Ever since I read Shirley MacLaine's 2001 book The Camino about her walking the Camino de Santiago - a 500-mile pilgrimage in northern Spain - alone when she was in her sixties, I've been fascinated with this spiritual trek. When I saw that Emilio Estevez had written, directed, and acted in a movie about the Camino with his father, Martin Sheen, in the lead, I knew The Way would be the next movie in my viewing queue. Then I saw that a book came out of the experience, a father-son memoir that promised to be extraordinary. I knew it had to be true because Hope Edelman wove it together. If you haven't read Hope's work, you should. If you have, you'll be thrilled to hear her speak candidly about writing Along the Way.
Q: How did this project come about?
I was originally contacted by my agent asking if I'd be interested in walking the Camino de Santiago pilgrimage route across northern Spain with Martin Sheen and Emilio Estevez and help them write a book about the journey. Who would possibly pass that up? I went to their houses in Malibu to meet them, and we got along very quickly. As the next few months unfolded, it became impossible for the guys to make the trip because of other obligations, but they asked if I'd still be interested in helping them write a more traditional father-son memoir. From the start we set out to write a literary memoir that would be a step (or two) above the typical celebrity memoir, and I feel we achieved that.
Q: I was amazed at the detailed recall of both Martin and Emilio. The section on the infamous, arduous filming of Apocalypse Now in the Philippines in the 1970s made me want to see the movie again. (The Estevez family -- four children and mom -- was there to witness their father go so far into his character and his drinking that he had a breakdown, much of it on-camera.) Was all of it from memory or had they kept journals?
I know, isn't it incredible? They relied almost exclusively on their memories, plus whatever research I could fill in for them on my own. I, too, was amazed by their powers of recall, especially for events that took place thirty years ago or more. I fact checked everything they said that could be verified, and can report that they recalled events correctly, down to the smallest details, about 95 percent of the time. Very impressive.
Q: As someone who teaches memoir workshops but usually writes her own stories, what were the challenges and surprises of writing Along the Way?
The biggest challenge was learning how to transform someone's spoken words into an artistically shaped narrative. I had to create a literary version of each man's spoken voice. Because there were two of them, the voices had to be different enough to represent two different people but similar enough that they read as if they belonged in the same book. One big surprise was how forthcoming these guys were. It takes a lot of courage to write a memoir that portrays oneself from every angle, even the unflattering ones. The men were unflinching in their honesty. I didn't expect that at first and I came to respect it greatly over time.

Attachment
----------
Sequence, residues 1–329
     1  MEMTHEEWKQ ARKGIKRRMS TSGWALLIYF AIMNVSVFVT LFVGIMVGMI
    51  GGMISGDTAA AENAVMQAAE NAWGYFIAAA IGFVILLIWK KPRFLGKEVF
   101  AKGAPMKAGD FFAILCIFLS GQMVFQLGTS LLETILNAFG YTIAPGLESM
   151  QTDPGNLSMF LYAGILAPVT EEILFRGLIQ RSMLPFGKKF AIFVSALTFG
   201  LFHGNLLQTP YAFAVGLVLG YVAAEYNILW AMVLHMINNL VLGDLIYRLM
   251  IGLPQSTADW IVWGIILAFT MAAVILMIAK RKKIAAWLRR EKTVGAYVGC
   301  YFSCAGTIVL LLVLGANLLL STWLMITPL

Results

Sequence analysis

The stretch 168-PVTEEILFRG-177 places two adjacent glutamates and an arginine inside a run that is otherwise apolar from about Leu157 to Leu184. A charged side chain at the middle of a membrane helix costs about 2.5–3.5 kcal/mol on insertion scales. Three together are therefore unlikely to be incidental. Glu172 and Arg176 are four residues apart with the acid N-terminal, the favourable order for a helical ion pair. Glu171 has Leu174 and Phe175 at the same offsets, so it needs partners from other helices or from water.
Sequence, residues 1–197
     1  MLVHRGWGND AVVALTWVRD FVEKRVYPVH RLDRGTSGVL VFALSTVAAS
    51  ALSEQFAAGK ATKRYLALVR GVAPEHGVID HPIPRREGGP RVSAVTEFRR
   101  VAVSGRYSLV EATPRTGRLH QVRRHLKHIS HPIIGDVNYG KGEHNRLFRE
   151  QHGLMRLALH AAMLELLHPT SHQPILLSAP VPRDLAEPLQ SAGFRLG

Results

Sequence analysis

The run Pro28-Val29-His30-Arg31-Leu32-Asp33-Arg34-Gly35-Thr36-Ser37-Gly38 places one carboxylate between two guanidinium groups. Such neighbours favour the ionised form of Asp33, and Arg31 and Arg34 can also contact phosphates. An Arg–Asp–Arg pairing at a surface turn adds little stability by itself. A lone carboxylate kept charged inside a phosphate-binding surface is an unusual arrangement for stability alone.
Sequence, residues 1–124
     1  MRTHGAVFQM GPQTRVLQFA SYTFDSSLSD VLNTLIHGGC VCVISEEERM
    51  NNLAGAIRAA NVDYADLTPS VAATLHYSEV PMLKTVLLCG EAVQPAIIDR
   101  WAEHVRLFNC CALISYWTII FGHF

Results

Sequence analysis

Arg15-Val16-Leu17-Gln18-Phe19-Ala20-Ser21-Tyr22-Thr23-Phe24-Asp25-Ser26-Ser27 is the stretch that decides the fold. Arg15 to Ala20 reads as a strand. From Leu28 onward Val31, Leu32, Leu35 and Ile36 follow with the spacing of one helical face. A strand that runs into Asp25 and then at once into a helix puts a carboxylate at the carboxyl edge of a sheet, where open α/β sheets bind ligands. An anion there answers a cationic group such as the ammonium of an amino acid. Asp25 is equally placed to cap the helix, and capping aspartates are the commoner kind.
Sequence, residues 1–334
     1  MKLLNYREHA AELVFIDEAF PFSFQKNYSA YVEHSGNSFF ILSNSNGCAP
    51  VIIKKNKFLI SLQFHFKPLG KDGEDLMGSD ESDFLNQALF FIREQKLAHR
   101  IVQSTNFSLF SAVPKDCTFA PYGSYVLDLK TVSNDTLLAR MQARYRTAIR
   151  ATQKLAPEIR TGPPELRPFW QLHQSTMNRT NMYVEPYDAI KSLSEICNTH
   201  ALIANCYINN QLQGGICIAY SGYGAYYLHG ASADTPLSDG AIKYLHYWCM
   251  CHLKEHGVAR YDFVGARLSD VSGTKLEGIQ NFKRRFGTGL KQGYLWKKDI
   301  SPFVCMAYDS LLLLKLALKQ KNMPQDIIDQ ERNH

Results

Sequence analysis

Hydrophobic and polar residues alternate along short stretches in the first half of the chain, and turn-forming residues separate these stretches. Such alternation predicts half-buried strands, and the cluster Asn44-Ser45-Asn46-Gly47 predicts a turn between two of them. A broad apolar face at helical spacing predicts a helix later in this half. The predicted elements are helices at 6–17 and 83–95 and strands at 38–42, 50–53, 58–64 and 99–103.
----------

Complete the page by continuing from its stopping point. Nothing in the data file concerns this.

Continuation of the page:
Q: Have you walked, or ever desired to walk, the Camino?
To be honest, I didn't know much about the Camino before I started working on the book. I had a writer friend who'd written a book about her journey along the path, but I'd probably read it six or seven years earlier. I did very much hope to walk at least part of it in 2011, since I'd had the opportunity earlier in the year to visit both Jerusalem and Rome. I thought it would be kind of wonderful to visit all three of the most sacred Catholic sites in the same year. But finishing the book became more of a priority than travel, and I didn't get to do the walk last year. I'm not entirely sure my back will hold up for long under the weight of a forty-pound backpack, but I still dream of walking the Camino some day.
Q: What are you working on now?
I'm working on several short pieces that I've either been contracted to write or have had in the pipeline for a while. I'm waiting for the right next book to find me. Before Along the Way I wrote mostly personal stories about mother-daughter relationships and family issues, but now my oldest daughter has reached the age where she doesn't want me to write about her any more, and I want to respect that. So I'm focusing more on experiences I had in the years before she was born. It means I'll run the distinct risk of becoming a middle-aged woman obsessed with her own adolescence, but at least I'll have a good relationship with my kid.
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